"There's a large social aspect to recreation," he said. "Some people aren't individually motivated to be fit. Group exercise can get people more engaged. And we're all more connected today, and we all want to take that connectedness to our fitness facilities. That attracts younger generations."

As multipurpose facilities seek to boost membership and revenue by focusing on more non-traditional, group-oriented features, though, the resources devoted to some fitness activities have been reduced. Blackburn cited racquetball courts, which house a sport that's less popular than it was a couple of decades ago and take up quite a bit of space for just a handful of people, as an example of this.

The broadening array of offerings has led to a generally acknowledged need for a reclassification of sorts. And multipurpose facilities, while an accepted industry term, doesn't exactly capture the public's imagination. "That nomenclature has really drifted," said Blackburn, who added that they're typically called something that involves the terms "community" or "center," depending on the organizations involved, with variations such as "recreation," "funplex" or "sportsplex."

The Great Outdoors (and Indoors)

Not all of these offerings are under the building's roof—and sometimes they're not even on the campus at all. Several activities have moved outside.

Many facilities now have outdoor playing fields for organized youth sports, and they aren't just empty lots. "The explosion of soccer has created a tremendous amount of demand for field space, and the old approach of having a simple grass field and striping it doesn't cut it anymore," said McKenna, and added that these fields often have the latest, safest turfing solutions and lighting for night events.


Having that kind of state-of-the-art field provides more flexibility with scheduling games and other events, because there isn't really a time when it can't be used, Sherrard said. "The direction is toward more turf fields because they can be played on all day long, and it takes weather out of the picture," he explained.

For adults, many multipurpose centers offer off-site trips for activities such as long-distance running, crossfit training, camping, kayaking and hiking.

For adults, many multipurpose centers offer off-site trips for activities such as long-distance running, crossfit training, camping, kayaking and hiking. And as many members don't have the equipment for some of these activities, the facility has to supply them. That can create a need for a great deal of storage space, McKenna said.

Additionally, some indoor activities can be moved outside when the weather is nice. Some facilities now provide creatively designed outdoor venues for activities that traditionally happen in a studio, such as yoga and tai chi. This has the added benefit of advertising the services to people who pass by the facility, Sherrard said.

The inverse of this trend is that an effort is being made to bring the outdoors "inside." This is done by installing lighting and ventilation systems that give interior spaces a more outside feel. For instance, Sherrard has worked on facilities that let hot air rise and draw in cool air lower down without the aid of mechanical systems. "We want to give a connection to the outside, not only through lighting and windows, but also through the air that's brought in," he explained. "We're trying to do more natural ventilation where the buildings 'breathe' by themselves."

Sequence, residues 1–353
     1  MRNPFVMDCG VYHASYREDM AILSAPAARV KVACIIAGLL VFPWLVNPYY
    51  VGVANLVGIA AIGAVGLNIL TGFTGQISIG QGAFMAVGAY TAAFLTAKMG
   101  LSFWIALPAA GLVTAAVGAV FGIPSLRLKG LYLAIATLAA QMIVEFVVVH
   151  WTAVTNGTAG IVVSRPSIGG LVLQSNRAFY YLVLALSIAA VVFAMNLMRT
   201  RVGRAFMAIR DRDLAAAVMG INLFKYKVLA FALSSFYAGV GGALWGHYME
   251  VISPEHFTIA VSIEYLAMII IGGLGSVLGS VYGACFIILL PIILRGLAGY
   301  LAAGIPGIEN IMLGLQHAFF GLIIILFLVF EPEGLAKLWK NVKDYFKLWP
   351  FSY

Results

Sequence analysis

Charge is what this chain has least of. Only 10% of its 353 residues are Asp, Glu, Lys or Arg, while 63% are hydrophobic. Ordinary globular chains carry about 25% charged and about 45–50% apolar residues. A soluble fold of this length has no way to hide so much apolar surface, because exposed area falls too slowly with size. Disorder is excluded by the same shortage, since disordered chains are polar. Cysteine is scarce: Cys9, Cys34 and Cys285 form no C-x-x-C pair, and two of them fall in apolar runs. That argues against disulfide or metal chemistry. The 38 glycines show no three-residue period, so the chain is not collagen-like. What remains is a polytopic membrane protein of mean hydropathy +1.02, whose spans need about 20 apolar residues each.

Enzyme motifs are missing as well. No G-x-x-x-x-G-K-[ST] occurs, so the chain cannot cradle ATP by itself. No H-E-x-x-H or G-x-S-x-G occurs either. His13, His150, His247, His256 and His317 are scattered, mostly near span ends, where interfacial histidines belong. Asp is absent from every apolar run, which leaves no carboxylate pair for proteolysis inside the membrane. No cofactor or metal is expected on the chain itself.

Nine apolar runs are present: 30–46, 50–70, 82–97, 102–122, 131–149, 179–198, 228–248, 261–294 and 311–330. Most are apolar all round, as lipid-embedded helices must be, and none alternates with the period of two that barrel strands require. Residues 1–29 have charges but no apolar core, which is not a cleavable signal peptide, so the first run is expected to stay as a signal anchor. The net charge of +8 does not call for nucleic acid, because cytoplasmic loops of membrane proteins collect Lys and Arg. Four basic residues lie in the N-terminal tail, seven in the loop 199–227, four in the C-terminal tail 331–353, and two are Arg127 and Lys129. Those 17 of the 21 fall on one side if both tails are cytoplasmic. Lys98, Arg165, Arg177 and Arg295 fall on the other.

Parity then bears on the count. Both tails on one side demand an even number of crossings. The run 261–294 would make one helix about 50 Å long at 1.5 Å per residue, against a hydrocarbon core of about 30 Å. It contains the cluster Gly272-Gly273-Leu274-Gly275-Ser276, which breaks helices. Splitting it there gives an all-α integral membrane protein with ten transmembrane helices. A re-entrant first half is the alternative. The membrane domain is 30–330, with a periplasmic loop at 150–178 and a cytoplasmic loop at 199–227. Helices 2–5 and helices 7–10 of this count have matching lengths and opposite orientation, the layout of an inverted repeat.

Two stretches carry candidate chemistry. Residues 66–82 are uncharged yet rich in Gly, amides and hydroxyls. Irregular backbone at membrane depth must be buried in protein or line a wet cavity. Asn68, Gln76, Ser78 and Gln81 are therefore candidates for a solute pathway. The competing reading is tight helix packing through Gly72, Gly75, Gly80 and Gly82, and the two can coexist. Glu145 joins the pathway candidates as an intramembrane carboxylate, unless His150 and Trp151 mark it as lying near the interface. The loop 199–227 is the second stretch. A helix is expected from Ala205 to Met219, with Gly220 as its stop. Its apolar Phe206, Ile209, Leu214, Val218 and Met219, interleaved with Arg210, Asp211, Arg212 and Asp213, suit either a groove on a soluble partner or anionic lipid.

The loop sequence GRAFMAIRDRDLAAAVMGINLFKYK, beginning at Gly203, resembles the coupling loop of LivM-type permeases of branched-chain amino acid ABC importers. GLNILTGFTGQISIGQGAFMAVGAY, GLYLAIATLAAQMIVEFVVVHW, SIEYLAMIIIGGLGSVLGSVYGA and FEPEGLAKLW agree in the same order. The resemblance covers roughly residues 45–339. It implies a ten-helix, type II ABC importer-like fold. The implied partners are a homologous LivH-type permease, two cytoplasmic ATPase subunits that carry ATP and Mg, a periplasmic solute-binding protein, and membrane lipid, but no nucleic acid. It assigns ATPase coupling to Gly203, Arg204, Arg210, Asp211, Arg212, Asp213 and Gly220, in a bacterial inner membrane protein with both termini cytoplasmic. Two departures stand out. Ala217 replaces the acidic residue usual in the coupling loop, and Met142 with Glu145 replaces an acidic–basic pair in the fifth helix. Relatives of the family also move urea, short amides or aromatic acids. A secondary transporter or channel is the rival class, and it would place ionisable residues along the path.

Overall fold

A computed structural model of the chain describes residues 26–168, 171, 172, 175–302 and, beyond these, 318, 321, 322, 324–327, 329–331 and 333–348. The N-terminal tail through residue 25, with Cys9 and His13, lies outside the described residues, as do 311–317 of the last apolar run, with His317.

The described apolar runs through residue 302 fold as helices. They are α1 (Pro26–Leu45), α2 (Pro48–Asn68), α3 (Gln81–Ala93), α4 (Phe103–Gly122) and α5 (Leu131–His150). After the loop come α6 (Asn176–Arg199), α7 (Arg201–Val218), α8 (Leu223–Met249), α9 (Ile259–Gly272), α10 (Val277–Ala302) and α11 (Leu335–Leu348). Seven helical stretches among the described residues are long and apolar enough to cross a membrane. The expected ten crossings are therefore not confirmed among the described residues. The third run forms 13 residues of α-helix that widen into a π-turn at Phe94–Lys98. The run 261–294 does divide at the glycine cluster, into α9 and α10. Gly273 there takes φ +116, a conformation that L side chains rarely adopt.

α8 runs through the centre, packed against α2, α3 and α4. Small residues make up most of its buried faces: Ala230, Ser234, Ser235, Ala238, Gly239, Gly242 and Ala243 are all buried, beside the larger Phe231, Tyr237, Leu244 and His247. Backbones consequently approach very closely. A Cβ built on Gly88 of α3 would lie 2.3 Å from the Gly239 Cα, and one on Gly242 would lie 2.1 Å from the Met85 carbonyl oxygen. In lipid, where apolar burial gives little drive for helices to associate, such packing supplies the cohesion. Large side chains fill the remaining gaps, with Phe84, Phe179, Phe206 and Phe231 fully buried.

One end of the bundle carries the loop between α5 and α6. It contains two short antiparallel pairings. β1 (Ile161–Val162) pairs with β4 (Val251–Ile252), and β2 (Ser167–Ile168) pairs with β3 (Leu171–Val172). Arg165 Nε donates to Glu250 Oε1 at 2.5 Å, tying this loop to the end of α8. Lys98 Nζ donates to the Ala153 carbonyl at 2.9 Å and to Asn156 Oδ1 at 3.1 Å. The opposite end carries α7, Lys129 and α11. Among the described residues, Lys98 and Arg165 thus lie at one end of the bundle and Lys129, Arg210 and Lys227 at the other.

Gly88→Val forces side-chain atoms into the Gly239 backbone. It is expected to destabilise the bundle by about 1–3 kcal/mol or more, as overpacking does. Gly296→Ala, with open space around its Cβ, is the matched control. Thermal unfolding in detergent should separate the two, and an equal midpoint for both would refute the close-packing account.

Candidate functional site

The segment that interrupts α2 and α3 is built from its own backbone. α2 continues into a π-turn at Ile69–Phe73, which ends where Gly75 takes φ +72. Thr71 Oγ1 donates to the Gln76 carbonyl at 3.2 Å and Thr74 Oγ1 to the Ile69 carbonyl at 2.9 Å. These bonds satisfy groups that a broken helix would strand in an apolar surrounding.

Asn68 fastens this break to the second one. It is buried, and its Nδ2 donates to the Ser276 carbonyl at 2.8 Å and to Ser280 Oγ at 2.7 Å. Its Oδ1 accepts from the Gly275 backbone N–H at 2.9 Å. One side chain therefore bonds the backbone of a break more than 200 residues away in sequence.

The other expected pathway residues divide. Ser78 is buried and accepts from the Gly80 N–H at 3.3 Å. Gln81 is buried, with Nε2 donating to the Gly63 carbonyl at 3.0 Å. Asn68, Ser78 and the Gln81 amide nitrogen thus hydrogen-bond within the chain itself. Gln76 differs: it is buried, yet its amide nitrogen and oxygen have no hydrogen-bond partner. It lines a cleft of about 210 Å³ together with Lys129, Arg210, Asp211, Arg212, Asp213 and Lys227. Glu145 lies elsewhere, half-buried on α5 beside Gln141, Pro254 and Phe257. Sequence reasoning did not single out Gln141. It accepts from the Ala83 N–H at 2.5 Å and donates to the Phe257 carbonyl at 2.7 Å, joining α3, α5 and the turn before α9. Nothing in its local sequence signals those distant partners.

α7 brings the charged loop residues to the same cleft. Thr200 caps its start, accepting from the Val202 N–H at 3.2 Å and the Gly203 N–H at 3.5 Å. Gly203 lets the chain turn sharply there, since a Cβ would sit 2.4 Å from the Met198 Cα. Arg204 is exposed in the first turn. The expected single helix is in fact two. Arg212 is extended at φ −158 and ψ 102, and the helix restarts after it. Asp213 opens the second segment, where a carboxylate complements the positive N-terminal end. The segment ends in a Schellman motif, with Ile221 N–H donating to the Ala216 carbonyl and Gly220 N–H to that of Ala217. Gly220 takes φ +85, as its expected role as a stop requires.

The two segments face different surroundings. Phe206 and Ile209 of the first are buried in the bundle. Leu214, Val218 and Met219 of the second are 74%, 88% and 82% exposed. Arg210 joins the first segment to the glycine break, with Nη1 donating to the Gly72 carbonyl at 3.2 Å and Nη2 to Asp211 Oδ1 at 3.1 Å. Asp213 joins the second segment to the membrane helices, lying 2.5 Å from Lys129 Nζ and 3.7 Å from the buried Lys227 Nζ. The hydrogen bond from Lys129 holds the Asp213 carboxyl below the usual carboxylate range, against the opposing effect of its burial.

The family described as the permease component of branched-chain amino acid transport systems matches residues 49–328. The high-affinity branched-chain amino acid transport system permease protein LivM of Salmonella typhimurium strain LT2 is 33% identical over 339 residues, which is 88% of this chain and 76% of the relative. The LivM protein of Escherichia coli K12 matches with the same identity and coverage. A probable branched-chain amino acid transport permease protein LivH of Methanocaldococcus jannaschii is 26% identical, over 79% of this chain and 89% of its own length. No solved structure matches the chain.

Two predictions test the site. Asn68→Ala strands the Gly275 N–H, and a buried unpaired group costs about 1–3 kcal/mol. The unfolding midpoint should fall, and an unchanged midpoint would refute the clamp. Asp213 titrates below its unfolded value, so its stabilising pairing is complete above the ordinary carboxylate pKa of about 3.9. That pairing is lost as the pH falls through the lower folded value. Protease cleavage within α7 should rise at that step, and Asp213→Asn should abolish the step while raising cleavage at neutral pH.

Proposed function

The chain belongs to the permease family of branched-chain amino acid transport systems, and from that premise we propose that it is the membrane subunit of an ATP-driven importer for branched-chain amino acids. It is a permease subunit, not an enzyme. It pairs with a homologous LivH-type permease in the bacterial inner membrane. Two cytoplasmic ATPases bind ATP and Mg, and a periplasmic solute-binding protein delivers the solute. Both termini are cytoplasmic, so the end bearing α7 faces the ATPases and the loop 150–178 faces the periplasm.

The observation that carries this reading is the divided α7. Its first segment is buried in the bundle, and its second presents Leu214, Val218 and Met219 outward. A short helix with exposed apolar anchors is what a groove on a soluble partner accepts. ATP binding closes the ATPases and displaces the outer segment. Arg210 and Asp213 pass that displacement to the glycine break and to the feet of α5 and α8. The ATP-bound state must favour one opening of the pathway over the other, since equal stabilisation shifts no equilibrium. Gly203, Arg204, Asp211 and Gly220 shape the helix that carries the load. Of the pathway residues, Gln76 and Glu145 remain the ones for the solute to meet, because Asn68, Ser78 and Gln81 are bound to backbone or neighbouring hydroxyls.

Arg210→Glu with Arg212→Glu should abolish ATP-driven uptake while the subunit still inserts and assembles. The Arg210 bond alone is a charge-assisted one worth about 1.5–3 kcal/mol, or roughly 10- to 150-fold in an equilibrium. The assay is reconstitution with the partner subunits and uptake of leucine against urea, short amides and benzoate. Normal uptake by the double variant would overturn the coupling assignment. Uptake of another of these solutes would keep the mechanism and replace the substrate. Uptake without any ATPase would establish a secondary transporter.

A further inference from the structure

Another important way in which these facilities are changing is in the expansion and enhancement of both indoor and outdoor aquatic activities. Blackburn points to a project his company is working on now in Olathe, Kan., a large suburb of Kansas City, as an example of what's in store.


"Every few years, a municipality comes along and says, 'We want to do something that's never been done before,'" he said. "This is one of those clients that says, 'We want to incorporate the latest thinking about recreation into this project.' For instance, in the aquatic center, they're looking for something for everyone, from the 2-year-old toddler to the 90-year-old senior."

A couple of unique offerings this new facility will feature are a rock wall with ropes that also has a diving perch at the top, and a zip line that allows people to glide down into the pool. Blackburn said this is an example of a burgeoning "watertainment" trend, and he expects more facilities to adopt features in their aquatic areas that are similar to what you might find in resort areas such as Pigeon Forge, Tenn., Branson, Mo., or the Wisconsin Dells.

Sharing Spaces, Finding Efficiencies

Another important way in which these facilities are changing is in the expansion and enhancement of both indoor and outdoor aquatic activities.

New activities attract new revenues, but that's only part of the financial picture for fitness and recreation centers. They also have to manage costs, and one important way they've done that is by sharing spaces with other institutions. McKenna said she sees this frequently with collegiate multipurpose facilities, and offered her company's recent work for Northern Arizona University as an example of this.